FROM STATUS QUO TO A FALSE STRATEGIC AGENDA
Since 2014, on the agenda of political meetings and dialogue between Albania and Serbia at the highest state and governmental level, issues of bilateral co-operation have been replaced by a more strategic approach, which relates principally to the future of the Western Balkans, peace-building and regional integration. From the first official discussions in November 2014, when the Albanian Prime Minister made his public call in Belgrade for the recognition of Kosovo, this last theme has been included and even predominant in every meeting and public message of Rama with Vuçiç, both ‘forgetting’ – each for his own reasons – that the bilateral agenda includes the business of a third state which neither had nor has the authority to represent. This inclusion ‘by force’ naturally makes the bilateral agenda between Albania and Serbia very political and strategic, and a hot topic for local and international media.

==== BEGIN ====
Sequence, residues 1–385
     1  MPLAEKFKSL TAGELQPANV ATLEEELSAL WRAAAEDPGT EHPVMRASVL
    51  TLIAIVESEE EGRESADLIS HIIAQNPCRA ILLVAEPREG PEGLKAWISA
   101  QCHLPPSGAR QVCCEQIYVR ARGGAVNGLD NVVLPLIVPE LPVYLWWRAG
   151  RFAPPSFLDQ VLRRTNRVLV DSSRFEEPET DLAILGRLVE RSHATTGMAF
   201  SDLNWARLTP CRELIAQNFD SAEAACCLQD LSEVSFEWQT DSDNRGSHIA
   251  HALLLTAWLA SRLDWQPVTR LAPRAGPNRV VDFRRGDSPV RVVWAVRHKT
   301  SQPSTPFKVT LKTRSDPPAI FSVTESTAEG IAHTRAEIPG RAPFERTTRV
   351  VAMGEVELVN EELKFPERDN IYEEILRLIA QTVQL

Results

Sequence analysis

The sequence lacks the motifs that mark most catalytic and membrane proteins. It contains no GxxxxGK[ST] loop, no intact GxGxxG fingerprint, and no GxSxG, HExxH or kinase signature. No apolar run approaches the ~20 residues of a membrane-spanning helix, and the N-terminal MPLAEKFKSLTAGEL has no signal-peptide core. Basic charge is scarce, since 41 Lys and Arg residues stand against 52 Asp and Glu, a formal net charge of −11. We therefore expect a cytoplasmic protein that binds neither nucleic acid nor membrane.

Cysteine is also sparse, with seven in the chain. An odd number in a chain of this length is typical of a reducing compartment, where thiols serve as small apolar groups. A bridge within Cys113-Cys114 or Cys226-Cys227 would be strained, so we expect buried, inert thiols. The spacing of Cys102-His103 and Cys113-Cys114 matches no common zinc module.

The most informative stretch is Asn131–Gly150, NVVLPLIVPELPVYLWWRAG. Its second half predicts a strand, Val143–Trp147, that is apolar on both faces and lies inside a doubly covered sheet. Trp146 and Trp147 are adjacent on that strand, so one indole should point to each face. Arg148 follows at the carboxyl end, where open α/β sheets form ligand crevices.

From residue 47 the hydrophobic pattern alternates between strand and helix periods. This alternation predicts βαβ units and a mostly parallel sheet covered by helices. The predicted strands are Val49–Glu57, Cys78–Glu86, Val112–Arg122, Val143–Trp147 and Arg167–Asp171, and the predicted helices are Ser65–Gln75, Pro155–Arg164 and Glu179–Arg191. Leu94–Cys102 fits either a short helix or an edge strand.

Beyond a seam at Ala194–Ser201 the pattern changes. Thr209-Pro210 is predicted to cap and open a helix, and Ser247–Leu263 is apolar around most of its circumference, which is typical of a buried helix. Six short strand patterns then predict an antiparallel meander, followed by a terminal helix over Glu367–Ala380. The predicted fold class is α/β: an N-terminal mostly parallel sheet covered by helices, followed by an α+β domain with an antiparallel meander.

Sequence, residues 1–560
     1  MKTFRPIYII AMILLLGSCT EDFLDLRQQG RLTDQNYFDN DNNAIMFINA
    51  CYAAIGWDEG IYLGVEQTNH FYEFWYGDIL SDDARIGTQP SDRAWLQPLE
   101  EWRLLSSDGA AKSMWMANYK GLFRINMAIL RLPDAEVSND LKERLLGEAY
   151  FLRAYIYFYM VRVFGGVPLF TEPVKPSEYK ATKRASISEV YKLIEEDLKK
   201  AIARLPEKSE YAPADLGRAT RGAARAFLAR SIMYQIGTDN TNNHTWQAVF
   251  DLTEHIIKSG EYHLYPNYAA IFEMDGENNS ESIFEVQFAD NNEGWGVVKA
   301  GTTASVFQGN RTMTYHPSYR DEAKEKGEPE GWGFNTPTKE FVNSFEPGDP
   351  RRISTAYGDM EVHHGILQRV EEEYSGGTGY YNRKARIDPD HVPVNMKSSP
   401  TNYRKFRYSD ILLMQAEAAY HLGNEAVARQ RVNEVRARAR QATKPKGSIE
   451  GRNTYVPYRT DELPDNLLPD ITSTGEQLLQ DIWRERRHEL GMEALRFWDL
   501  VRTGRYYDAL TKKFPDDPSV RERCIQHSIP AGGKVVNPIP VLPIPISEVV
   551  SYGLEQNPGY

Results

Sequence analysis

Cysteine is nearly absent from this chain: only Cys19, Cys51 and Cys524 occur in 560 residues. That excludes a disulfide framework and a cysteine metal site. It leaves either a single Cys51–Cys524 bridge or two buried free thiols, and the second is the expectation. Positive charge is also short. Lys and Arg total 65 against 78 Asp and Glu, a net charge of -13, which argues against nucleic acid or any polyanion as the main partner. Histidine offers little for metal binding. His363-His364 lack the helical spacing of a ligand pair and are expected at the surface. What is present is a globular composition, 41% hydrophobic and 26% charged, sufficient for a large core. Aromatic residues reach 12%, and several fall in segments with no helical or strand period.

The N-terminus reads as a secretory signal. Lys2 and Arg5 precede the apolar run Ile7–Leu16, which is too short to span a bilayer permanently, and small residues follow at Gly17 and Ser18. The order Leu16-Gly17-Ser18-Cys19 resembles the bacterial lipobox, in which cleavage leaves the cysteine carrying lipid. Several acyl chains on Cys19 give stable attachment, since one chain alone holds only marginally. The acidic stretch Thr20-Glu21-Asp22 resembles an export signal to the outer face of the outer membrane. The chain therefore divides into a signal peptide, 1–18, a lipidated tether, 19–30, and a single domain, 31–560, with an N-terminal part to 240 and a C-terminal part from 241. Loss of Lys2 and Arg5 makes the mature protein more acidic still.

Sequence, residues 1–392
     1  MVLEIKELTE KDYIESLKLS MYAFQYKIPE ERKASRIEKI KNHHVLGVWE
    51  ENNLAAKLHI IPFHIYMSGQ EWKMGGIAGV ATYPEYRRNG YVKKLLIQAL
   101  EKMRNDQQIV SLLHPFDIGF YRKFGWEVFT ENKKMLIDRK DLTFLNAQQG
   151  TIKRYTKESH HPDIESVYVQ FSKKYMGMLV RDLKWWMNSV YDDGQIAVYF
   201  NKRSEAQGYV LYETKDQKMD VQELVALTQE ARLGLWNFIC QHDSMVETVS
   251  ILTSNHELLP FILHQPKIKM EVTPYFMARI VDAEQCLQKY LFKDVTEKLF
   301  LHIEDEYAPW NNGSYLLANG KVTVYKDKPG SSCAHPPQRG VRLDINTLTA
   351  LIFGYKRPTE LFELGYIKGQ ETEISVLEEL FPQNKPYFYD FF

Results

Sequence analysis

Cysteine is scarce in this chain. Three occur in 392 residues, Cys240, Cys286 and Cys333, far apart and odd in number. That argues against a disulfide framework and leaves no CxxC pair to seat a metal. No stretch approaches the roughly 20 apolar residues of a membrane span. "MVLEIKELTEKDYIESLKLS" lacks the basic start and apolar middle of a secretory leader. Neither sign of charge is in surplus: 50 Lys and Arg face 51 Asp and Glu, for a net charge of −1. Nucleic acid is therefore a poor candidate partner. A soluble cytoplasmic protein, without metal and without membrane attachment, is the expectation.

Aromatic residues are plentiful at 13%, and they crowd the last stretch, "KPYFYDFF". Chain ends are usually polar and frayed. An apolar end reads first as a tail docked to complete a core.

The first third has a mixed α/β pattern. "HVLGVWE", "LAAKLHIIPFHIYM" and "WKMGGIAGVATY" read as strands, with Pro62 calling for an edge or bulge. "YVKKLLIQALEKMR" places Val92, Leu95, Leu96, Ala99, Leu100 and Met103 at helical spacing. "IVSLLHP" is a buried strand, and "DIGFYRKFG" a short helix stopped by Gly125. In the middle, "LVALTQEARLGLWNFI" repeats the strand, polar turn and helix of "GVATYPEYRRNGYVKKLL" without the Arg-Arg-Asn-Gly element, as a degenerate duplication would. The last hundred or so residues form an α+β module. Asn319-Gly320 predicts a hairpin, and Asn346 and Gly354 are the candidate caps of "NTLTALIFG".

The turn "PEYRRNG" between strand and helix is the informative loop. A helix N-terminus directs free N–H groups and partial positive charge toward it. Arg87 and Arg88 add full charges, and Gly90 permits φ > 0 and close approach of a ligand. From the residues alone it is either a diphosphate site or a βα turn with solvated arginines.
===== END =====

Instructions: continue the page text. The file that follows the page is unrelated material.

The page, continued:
During the second half of 2019, time and space on the strategic agenda of the two countries was devoted to the Balkan Schengen, a controversial initiative based on the model of the EU’s Schengen arrangements, which would make possible and applicable four major freedoms: the movement of people, services, goods and capital among six states of the Western Balkans, three of whom – Serbia, Kosovo and Bosnia – do not recognize one another.
Serbian President Vuçiç and Albanian Prime Minister Rama have begun to promote the Balkan Schengen through three summits, first in Novi Sad, then in Ohrid and finally in Tirana on 21st December 2019. North Macedonia has joined the initiative, while Montenegro and Bosnia have remained more or less reluctant to participate and Kosovo has categorically refused.
A commitment to reconciliation in the Balkans, peace-building, co-operation and regional integration is a billet-doux sent from the region to Brussels or Washington, and certainly welcome at least in so far as it would never be refused. In this way, there is less and less space on the Albania-Serbia bilateral agenda for concrete issues of political co-operation, economic co-operation for trade, investment, tourism, and energy, co-operation in the security sector or co-operation in the fields of education and culture.